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Wednesday, August 12, 2009

'In the Blood' by Adrian Phoenix

'In the Blood' by Adrian PHOENIX

This is the second book in Phoenix's 'Maker's Song' series. Only a few weeks have passed since the events in 'A Rush of Wings' - Dante Baptiste, lead singer to the band 'Inferno', Nightkind (vampire), troubled heartthrob and experiment 'S' is touring with his band. FBI agent Heather Wallace has returned home to Seattle to take care of her younger sister, Annie, who suffers from bipolar - the same illness that haunted their mother before she was tragically murdered by a serial killer. Wallace is on leave from the bureau, claiming to still be recovering from a miraculously healed bullet-wound, and in her downtime she is investigating her mother's cold case. But the FBI have plans for Wallace, mainly to keep her under heavy surveillance and undertake experiments to determine the source of her miracle recovery courtesy of Dante.
Dante, though he promised to stay away from her, is heading to Seattle for the final leg of his band's tour, with every intention of keeping Heather safe...

To be honest, I wasn't blown away by 'A Rush of Wings' - but I really loved the Dante/Heather connection that Adrian Phoenix wrote, and I was frustrated and curious enough about Phoenix's cliff-hanger to their relationship to come back for more in 'In the Blood'.

Unfortunately, I had the same problem with the 2nd book that I had with the 1st. Phoenix writes from too many perspectives - as well as Dante, Heather and Annie, Phoenix includes narratives from Dante's father Lucien, accompanying agent Alex Lyons, Dante's roadie Von, hit-woman Caterina aka 'Cortini', some other supernatural 'huh?' Lillith.... the list goes on and on and at the end of the day the multiple narratives just amount to sloppy writing.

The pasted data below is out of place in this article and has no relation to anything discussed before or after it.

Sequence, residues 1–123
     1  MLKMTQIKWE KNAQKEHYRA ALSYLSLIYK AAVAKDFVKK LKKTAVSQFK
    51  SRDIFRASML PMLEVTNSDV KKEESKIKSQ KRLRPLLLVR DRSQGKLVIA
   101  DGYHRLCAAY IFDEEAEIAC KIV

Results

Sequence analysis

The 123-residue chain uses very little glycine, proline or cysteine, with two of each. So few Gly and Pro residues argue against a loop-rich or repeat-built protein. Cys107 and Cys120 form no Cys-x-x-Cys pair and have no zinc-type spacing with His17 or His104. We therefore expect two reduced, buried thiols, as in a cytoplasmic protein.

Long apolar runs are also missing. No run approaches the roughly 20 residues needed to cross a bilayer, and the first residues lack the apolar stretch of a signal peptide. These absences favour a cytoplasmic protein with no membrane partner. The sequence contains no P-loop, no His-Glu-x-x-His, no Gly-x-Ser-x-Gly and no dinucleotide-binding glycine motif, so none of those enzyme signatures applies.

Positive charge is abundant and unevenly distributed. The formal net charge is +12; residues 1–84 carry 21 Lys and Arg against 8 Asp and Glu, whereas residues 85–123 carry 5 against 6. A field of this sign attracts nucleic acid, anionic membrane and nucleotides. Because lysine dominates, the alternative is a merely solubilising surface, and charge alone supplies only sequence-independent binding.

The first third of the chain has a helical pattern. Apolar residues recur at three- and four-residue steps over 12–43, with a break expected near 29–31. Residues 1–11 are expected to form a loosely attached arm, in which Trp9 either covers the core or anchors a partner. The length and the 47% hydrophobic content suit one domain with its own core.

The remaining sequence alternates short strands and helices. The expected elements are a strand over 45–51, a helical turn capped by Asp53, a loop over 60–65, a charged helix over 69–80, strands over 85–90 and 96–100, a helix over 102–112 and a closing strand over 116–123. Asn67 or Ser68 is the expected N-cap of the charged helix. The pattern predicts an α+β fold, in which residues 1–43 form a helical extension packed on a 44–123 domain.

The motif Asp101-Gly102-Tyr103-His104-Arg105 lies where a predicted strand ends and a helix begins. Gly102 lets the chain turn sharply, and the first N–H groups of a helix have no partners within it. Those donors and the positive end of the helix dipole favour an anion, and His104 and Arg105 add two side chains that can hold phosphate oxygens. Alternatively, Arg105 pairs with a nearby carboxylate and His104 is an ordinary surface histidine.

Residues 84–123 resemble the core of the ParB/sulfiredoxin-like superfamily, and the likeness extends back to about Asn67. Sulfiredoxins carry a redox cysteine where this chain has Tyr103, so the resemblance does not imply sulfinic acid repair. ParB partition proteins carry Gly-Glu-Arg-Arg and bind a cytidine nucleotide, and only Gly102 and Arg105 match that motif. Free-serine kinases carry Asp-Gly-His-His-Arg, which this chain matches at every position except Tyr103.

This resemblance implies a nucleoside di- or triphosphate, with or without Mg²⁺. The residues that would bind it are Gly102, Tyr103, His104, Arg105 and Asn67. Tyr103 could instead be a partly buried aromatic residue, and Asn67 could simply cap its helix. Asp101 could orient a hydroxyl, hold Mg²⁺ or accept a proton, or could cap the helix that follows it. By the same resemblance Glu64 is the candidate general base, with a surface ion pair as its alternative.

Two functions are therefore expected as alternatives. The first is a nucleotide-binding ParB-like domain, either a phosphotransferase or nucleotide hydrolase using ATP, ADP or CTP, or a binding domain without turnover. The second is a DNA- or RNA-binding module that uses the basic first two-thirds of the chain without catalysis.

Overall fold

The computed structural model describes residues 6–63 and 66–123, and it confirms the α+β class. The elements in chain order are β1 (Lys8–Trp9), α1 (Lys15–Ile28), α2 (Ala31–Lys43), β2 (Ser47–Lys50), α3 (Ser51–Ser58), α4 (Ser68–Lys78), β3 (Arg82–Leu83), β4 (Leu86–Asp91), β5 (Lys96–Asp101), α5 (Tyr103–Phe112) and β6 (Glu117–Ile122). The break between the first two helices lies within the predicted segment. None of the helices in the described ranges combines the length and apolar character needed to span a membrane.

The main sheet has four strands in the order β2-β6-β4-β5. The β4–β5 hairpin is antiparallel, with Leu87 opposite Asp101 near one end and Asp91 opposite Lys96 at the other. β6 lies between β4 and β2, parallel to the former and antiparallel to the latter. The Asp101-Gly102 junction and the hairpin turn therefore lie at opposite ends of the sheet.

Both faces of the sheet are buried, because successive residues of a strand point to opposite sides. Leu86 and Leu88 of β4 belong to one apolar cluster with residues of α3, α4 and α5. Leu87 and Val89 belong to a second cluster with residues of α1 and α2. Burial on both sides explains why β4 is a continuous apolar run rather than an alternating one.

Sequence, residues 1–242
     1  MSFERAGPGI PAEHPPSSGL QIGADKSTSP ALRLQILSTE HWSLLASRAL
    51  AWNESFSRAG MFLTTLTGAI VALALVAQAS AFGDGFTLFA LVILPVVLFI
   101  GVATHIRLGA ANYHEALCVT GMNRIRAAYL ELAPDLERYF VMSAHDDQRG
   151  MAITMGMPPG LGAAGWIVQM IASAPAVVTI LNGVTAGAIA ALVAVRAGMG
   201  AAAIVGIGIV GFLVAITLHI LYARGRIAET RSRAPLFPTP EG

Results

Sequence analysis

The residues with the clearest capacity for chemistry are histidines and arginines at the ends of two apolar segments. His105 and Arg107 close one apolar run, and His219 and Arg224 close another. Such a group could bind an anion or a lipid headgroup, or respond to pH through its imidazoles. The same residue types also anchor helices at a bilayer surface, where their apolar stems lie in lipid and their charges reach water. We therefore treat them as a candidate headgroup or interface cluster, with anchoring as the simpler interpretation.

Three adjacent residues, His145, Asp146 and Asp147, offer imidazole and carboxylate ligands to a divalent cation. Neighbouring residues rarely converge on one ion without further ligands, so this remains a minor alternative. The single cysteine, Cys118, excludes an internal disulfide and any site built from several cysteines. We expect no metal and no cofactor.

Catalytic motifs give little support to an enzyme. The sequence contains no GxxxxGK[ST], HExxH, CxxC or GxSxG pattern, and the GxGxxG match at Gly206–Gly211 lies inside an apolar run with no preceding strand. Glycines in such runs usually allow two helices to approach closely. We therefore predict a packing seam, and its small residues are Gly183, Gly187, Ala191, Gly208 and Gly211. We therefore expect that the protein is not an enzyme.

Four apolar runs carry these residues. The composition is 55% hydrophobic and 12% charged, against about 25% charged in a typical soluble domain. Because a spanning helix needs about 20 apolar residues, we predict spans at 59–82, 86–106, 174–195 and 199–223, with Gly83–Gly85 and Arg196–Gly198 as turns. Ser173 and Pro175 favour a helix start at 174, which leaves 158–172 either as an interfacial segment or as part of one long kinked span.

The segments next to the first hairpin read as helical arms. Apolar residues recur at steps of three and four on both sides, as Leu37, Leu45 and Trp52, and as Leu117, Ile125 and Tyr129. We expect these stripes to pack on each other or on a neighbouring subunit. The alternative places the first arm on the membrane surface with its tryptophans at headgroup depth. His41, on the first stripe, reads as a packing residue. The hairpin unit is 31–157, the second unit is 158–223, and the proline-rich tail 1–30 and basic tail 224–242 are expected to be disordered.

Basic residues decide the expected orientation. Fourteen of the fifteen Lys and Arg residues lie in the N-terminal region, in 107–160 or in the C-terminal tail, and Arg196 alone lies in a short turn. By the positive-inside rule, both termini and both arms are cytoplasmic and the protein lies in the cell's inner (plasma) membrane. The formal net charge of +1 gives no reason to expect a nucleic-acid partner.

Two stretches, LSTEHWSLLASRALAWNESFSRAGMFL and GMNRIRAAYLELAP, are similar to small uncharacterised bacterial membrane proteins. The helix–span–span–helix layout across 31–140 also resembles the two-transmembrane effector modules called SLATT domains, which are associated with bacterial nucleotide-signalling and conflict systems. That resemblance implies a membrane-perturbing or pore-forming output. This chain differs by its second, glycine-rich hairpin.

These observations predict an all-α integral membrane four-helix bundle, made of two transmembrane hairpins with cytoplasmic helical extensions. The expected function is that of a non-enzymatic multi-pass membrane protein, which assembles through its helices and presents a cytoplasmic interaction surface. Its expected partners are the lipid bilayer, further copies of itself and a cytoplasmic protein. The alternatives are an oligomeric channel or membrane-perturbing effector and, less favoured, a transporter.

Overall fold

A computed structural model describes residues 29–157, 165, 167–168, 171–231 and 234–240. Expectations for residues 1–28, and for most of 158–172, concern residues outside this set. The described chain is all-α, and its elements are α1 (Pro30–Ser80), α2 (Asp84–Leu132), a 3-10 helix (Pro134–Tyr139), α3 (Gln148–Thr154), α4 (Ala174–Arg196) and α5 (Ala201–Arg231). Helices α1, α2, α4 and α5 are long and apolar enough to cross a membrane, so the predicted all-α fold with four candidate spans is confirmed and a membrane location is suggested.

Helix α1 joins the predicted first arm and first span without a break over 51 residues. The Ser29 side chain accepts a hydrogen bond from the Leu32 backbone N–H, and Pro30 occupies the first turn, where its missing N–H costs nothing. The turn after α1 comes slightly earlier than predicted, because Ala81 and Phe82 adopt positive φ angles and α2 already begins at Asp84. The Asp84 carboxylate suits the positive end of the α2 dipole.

The only narratives you care about as a reader are those of Dante and Heather. They are the heart of the story, everything else is just excess baggage and I found myself skipping through most of the alternative narrative chapters.
It is sloppy writing if the perspective of every bad-guy and red-herring is included in the novel. We do not need to hear Alex Lyons internal monologue as he deduces Dante and Heather's sexual entanglement and decides to use that against them somehow. It's called 'show, don't tell' and not only is it sloppy writing to include the inner-voice of every Tom, Dick and Harry in your book, it is insulting to the reader. To assume that we won't 'get' the plot unless we are given the privilege of reading everyone's inner musings - give your reader a little more credit, please.

And it is a shame. Because when Adrian Phoenix gets it right, her writing is beautiful. All of the Heather/Dante interactions are this book's one saving grace. These two are an enigma, to each other and to the reader. Dante is a wounded soul; abused as a child, but sweetly affectionate as an adult, dealing out kisses as easily as other people exchange hand-shakes. His conflicting feelings toward Heather are at once endearing and frustrating - he loves her, but can't articulate such an emotion when he feels that loving her puts her in danger.
Heather is a tough, pragmatic FBI agent who has had to grow up quickly - her mother died when she was a teenager, her father buried himself in his FBI work and she has always had to care for her ill sister. Heather is ballsy and intelligent - but around Dante she becomes a lioness - wanting to protect and shield him, even from himself, but also wanting to exact revenge on those who have wounded him. I will only be reading Phoenix's 3rd installment 'Beneath the Skin' (released December 29th this year) to find out what happens with Dante and Heather.

I would give 'In the Blood' 1.5/5

Adrian Phoenix has really got to cut her book back to 2 narratives - Heather and Dante's. She could possibly include the narrative of ONE villain (like JR Ward does in her 'Blackdagger Brotherhood' series) but anything else is excessive, boring, confusing and unnecessary - all those multiple narratives achieve is taking the reader away from the real story-telling of Heather Wallace and Dante Baptiste.

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